Cascade Policy Institute Report: Ways TriMet can modernize transit for the 21st Century

By Cascade Policy Institute

Portland, Ore. – A new report published by Cascade Policy Institute recommends ways the TriMet regional transit agency can modernize bus service to meet the transportation needs of current and future transit customers in the Portland Metro Area.

TriMet in the Twenty-First Century was written by Randal O’Toole, a land-use and transportation policy analyst and director of the Oregon-based Thoreau Institute. O’Toole works with state-based research organizations including Cascade Policy Institute and has had fellowships at Yale, the University of California at Berkeley, and Utah State University. His most recent book is Romance of the Rails: Why the Passenger Trains We Love Are Not the Transportation We Need.

O’Toole says, “The pandemic has made it painfully clear that TriMet’s business model is hopelessly out of date. Trends that began decades ago—the dispersion of jobs and residences, telecommuting, and growing automobile ownership—were accelerated or at least continued by the pandemic. Yet TriMet, the Portland area’s largest transit agency, still operates a route structure that was designed for the early 1900s.”

Instead of updating TriMet’s business model, Metro and TriMet have long pursued a strategy that encourages redevelopment of the Portland area to look more like it did in 1910, using the urban growth boundary to increase population densities and transit-oriented developments (TODs) to increase densities at the city center and along major transit corridors.

Yet, they cannot reverse trends that have made TriMet’s route structure obsolete: the dispersion of jobs from downtown, near-universal automobile ownership, and the automobile’s huge advantages over traditional transit in terms of speed and access to the entire urban area.

The COVID-19 pandemic drastically reduced downtown Portland’s role as a job center. Portland may never recover former workers who now work from home or other locations around the region. Many high-income workers who once rode light rail now work remotely. Many low-income workers who once took the bus have increased their automobile ownership and reduced their dependence on public transit. TriMet ridership may never recover to pre-pandemic levels, yet the agency faces nearly $3 billion in debt plus pension and health care liabilities.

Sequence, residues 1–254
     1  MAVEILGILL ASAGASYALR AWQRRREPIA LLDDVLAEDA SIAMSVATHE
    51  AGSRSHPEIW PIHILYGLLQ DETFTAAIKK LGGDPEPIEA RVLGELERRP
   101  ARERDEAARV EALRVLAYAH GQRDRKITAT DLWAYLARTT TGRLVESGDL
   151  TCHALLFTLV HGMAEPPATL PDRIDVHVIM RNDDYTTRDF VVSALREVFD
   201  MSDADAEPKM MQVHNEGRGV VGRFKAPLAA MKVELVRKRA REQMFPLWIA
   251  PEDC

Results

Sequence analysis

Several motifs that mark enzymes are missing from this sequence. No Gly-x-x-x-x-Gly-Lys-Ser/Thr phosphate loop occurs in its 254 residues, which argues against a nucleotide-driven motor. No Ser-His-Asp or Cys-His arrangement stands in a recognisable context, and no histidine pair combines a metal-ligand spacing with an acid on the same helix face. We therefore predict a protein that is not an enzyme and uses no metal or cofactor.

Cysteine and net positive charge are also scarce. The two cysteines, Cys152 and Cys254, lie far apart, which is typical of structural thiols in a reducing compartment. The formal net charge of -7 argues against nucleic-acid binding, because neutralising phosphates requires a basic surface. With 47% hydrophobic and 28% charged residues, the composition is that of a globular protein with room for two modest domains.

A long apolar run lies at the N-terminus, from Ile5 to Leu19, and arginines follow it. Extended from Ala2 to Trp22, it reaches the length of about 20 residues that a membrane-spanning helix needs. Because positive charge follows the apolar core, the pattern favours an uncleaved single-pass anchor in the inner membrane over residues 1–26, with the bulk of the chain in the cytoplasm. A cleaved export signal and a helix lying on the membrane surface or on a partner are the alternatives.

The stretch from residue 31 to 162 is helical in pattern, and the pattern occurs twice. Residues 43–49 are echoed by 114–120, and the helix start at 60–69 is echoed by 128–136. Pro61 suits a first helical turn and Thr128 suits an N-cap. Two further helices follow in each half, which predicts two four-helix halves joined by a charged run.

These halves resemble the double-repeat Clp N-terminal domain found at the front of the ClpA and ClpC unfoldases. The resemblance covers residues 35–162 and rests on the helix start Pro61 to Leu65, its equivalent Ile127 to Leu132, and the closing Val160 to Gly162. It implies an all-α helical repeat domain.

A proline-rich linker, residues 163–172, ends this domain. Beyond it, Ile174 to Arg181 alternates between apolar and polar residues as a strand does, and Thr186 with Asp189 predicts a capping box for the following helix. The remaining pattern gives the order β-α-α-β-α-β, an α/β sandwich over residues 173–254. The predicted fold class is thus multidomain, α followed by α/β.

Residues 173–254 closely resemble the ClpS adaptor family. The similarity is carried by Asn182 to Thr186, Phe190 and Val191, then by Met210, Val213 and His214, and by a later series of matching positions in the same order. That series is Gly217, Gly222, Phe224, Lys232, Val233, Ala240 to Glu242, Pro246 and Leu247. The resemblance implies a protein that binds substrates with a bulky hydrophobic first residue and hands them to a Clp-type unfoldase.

The report examines three alternative ways of reforming TriMet for the 21st century:

  • Convert TriMet’s downtown-centric route system into a polycentric system with multiple hubs connected by non-stop buses, with local buses radiating away from each hub;
  • Replace fixed bus routes with an on-demand system like Uber Pool; and
  • Reallocate TriMet’s operating subsidies to transit riders in the form of discount vouchers, with lower-income customers receiving higher discounts, thus targeting subsidies based on incomes and giving TriMet better information about where people want to travel.

TriMet in the Twenty-First Century focuses on making—and keeping—public transit relevant and financially solvent. It offers specific solutions to address the region’s current and future public transportation needs, considering the ways people live, work, and commute today.

The full report, TriMet in the Twenty-First Century, can be read and downloaded online here.

About Cascade Policy Institute: Founded in 1991, Cascade Policy Institute is Oregon’s free-market public policy research center. Cascade’s mission is to explore and promote public policy alternatives that foster individual liberty, personal responsibility, and economic opportunity. For more information, visit

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